PRESENTER BIO: Dr. Samira Idllalène is a professor of law at Cadi Ayyad University at the polydisciplinary Faculty in Safi, Morocco. She teaches environmental law, law of the sea, international law, and comparative law. She is the author of several publications in coastal environmental law in Morocco. Idllalène was a visiting associate professor at the University of Oregon School of Law as part of a Fulbright grant. She also has taught marine environmental law at the Higher Institute of Maritime Studies (Casablanca) as part of the Advanced Cycle in Maritime Affairs in collaboration with the University of Quebec in Rimouski (Canada). Idllalène is member of the Jury: Trophy of Her Royal Highness the Princess Lalla Hasnae “Sustainable Coastal Zone” (Littoral durable) and board member of the Moroccan Association for the Protection of the Underwater Cultural Heritage. She is a partner with Environmental Law Alliance Worldwide (ELAW) and pro bono legal consultant in environmental law for several Moroccan NGOs and for the Economic, Social and Environmental Council (CESE) and the National Fisheries Research Institute (INRH). Idllalène holds a Ph.D. in marine environmental law from the University of Western Britanny in Brest (France), a master’s degree in maritime studies from the same university, and a degree in comparative law from the International University of Comparative Law (Strasbourg-France).

Maritime Sovereignty of Submerged Pacific Islands

ABSTRACT: Global climate change scenarios are seen as future concerns, but this is not the case for the Pacific island countries and territories (PICT). The natural sciences have already built substantial knowledge about the oceanographic, geological, and atmospheric processes associated with global warming and ocean change. Nonetheless, input from the social sciences and the law needs to be collected, analyzed, and executed to determine what happens when climate change impacts threaten the viability of sovereign states. Small island developing states (SIDS) contribute the least to global climate change, yet they are suffering the most from its effects, while the legal consequences of losing the most or all of their territory will threaten loss of sovereign status for those states in the international arena. As the largest water basin on Earth, the Pacific Ocean remains an isolated region in terms of geopolitics and research. This presentation examines the future of the Pacific states regarding their recognition as equal entities among other sovereign states and offers some international law proposals on this issue. The presentation also seeks to sensitize European and American audiences to certain issues of the geographically remote South Pacific that may eventually have impacts for the global community. Threats to human security, food security, land security, and statehood will also be addressed.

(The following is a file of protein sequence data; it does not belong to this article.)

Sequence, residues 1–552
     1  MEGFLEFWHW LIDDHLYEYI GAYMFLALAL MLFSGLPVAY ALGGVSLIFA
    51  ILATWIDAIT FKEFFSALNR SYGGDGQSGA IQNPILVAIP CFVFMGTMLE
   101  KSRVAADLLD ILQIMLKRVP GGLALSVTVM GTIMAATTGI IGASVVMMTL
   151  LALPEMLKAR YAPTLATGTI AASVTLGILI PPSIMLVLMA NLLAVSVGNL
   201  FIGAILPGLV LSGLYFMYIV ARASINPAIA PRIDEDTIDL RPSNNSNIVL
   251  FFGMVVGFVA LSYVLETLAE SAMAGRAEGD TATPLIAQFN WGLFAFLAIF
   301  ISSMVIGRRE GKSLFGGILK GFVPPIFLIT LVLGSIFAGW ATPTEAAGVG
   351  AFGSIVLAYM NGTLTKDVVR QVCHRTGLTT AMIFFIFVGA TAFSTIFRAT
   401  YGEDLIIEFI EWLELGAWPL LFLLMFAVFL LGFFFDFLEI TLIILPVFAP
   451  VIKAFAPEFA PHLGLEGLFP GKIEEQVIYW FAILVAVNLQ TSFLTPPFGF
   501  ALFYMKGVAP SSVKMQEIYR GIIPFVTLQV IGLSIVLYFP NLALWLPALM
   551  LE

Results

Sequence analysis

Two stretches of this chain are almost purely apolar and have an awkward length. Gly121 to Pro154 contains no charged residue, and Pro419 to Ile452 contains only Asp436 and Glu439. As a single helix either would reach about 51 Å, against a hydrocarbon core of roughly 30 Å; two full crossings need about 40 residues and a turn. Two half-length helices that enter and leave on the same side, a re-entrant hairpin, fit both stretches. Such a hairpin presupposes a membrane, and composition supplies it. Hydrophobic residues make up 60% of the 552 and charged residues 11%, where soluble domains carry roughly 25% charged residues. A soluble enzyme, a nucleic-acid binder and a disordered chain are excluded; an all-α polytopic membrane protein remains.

PRESENTER BIO: Dr. Joanna Siekiera is an international lawyer and doctor of social sciences in public policy sciences. Since 2019 she has worked as a postdoctoral fellow at the University of Bergen. She was a scholarship holder of the New Zealand Government at the Victoria University in Wellington in 2015-16. She defended her doctoral thesis in 2017 at the Collegium of Socio-Economics of the Warsaw School of Economics in Poland on regional policy of the states in the South Pacific. Siekiera researches public international law, the law of the sea, and (ocean) science diplomacy. Her specialization is legal and political relations in the South Pacific. She works as a legal adviser on the Research Council of Norway grant “Mare Nullius” at the Bergen Pacific Studies Research Group. Her work on this project focuses on the legal consequences of ocean change and sea level rise on the sovereignty of states in the Pacific. Siekiera is the author of over 80 scientific publications in several languages, as well as co-author of three monographs. She is a participant in 11 scientific grants from the European Union, Norway, and Poland and is a co-investigator on the Worldwide Universities Network grant.